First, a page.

Tag Archives: watercolour

Colour from the landscape – Painting

As promised, here are the paintings done using the watercolour paint that I made from materials gathered whilst walking in the landscape. I have named the colours: Cley red, West Runton yellow, Wells black, Hunstanton white and West Runton white.

They were done working quickly and from memory on A4 ‘rough’ watercolour paper. I also used a neutral oil pastel and a soft graphite stick. The paints make soft colours that are perfect for capturing the sights and sounds of the marshes and beaches of the North Norfolk coast.










Colour from the Landscape – Making paint

I’m busy at the moment jumping from one thing to another and I have several ‘makings’, new ideas and experiments going on at the same time. One of the most exciting is that I have been making watercolour paint.


Grinding West Runton chalk with a muller

I enjoy the fluidity of watercolour and last summer I made several drawings using pigments I had collected from the landscape mixed with water. Of course when it dried most of the grainy pigment just brushed off, and ever since I have wanted to have a go at making ‘proper’ paint in order to make drawings of the landscape from the materials of the landscape.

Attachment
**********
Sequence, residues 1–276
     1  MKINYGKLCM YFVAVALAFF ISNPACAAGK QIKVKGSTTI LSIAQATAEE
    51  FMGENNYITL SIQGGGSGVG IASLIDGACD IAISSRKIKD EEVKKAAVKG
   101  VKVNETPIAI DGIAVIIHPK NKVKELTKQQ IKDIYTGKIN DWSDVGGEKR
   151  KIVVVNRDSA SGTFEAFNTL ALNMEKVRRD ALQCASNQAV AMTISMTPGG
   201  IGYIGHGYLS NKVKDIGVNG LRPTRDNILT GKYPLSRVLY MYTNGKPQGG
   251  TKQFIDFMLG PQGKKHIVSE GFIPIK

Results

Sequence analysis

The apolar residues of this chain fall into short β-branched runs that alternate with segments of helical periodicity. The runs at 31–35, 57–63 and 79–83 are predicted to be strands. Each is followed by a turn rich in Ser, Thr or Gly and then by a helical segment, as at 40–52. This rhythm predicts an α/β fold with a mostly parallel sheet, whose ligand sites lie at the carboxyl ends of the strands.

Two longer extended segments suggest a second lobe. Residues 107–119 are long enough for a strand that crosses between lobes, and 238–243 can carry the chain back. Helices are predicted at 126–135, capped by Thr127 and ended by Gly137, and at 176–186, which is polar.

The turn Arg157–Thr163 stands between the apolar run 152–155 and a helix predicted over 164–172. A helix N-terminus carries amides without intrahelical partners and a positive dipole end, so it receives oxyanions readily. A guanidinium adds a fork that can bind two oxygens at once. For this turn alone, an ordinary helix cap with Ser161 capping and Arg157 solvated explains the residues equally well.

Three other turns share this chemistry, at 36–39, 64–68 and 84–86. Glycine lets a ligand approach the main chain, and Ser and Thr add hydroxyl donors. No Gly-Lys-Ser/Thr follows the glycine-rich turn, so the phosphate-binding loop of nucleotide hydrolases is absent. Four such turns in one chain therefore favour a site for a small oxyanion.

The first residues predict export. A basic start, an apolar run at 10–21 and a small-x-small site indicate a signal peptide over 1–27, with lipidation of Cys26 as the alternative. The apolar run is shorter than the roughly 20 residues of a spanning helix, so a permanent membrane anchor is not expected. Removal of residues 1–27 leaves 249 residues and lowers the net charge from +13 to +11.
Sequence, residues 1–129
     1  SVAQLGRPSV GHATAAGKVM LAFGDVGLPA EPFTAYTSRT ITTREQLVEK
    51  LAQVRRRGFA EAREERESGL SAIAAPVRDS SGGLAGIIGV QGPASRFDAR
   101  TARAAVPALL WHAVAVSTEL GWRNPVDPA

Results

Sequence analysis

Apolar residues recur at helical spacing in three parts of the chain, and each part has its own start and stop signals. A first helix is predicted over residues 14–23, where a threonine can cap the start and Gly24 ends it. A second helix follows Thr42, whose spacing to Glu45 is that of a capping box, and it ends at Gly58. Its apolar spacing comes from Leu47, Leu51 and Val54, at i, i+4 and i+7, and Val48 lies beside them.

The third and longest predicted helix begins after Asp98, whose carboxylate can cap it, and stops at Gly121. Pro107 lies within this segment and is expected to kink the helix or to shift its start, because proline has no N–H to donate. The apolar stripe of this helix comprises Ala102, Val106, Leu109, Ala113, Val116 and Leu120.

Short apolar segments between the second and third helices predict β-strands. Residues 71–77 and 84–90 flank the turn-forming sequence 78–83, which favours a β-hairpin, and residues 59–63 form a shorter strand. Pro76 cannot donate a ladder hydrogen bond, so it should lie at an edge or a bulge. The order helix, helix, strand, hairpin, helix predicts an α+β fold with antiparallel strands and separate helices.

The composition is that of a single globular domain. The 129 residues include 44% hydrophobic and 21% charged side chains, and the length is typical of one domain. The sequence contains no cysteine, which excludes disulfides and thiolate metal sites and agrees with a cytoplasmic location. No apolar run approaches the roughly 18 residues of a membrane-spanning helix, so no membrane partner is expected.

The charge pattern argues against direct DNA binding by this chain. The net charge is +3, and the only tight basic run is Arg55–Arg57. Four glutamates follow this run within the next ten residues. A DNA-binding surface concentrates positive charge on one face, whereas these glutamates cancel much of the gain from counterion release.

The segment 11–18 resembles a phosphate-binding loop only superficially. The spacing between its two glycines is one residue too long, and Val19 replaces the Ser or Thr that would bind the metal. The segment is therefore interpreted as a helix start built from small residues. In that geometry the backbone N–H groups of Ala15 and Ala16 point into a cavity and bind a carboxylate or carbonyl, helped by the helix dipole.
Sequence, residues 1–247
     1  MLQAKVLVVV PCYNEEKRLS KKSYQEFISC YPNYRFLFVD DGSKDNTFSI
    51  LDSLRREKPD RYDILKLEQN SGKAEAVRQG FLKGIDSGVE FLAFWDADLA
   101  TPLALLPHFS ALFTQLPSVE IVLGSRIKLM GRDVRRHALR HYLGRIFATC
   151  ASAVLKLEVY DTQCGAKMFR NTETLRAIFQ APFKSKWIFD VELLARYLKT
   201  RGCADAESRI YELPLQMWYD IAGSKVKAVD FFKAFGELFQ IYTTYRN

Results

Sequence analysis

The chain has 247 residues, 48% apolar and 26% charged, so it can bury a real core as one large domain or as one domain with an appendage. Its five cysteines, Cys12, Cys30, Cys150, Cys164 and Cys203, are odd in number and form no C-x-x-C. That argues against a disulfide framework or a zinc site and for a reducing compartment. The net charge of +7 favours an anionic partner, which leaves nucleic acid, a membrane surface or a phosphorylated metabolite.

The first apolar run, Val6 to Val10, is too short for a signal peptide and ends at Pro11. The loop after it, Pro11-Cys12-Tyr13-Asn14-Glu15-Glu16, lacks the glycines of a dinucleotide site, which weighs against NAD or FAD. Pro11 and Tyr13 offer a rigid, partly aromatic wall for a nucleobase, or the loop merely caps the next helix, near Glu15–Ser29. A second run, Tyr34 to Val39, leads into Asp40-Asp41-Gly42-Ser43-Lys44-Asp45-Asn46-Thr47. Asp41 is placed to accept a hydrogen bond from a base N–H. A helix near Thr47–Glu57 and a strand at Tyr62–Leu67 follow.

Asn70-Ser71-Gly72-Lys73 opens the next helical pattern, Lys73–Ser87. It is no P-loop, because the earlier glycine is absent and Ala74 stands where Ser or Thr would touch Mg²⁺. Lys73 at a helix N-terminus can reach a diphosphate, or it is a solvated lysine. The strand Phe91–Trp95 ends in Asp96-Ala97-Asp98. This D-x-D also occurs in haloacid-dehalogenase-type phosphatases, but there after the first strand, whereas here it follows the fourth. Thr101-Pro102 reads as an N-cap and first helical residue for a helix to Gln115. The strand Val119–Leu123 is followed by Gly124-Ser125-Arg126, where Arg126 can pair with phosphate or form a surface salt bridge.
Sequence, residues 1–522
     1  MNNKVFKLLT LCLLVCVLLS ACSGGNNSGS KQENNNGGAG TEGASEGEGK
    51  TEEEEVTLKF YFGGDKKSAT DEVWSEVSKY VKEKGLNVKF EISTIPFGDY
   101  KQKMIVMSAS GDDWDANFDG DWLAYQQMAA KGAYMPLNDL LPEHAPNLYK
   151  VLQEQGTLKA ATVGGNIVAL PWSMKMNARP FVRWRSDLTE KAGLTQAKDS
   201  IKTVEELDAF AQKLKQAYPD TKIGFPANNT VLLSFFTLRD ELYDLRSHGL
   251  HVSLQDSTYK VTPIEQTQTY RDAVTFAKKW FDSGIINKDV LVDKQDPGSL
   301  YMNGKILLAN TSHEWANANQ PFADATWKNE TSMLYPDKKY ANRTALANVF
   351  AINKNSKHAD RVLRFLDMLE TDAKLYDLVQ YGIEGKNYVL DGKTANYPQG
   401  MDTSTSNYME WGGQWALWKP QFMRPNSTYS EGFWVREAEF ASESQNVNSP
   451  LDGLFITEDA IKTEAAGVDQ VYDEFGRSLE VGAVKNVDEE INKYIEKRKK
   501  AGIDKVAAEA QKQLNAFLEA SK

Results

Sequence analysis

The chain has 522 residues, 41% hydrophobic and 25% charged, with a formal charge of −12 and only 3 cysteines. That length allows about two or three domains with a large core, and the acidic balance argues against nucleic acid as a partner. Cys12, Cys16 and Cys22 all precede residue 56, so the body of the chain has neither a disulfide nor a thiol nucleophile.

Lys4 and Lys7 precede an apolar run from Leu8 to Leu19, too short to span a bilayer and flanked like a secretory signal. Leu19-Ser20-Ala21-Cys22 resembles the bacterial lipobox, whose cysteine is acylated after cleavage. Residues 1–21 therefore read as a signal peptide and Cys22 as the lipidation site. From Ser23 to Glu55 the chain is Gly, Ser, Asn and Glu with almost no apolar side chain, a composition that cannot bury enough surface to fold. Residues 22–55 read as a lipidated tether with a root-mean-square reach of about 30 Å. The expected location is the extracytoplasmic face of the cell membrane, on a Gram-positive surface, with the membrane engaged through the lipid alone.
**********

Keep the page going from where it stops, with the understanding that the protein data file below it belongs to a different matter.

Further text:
Grinding Hunstanton chalk – this chalk is whiter than the yellowed West Runton chalk

I finally collected together the right equipment (including the very handsome muller at the top of the page), ground up my pigments and had a paint making session. I have gathered five different materials from beaches along the North Norfolk coast. They are: chalk from Hunstanton, chalk from West Runton, yellow ochre from West Runton, Red clay from Cley, and sea-coal from Wells.


Hunstanton chalk and gum arabic/honey binding solution waiting to be ground with the muller

I have used gum arabic and honey as the binders for the pigment. Gum arabic is sap from the acacia tree and you buy it in large, hard, brittle crystals that have to be ground down to a powder and then dissolved in water. Honey is also added to the gum Arabic to make the solution fluid and easy to work. Honey is a humectant: it helps to pull in water so that the dried pan of colour gets wet and is able to release colour more easily onto the brush.


Red clay ground to a buttery consistency


My little paintbox of colours from beaches on the North Norfolk coast.


From left to right the colours are:

Hunstanton chalk white, West Runton chalk white, West Runton yellow ochre, Cley red,

Wells sea-coal black

I’m remarkably pleased with these paints. I have managed to grind the earths down to a surprisingly fine texture and I’ll show you the resulting paintings next time!

If you would like to have a go at making watercolour paint I’m doing a workshop at the Contemporary Textile Fair at the Landmark Arts centre, Teddington, TW11 9NN where we will be grinding and mixing pigments to make different types of paint. Hopefully there will be time to paint with it as well.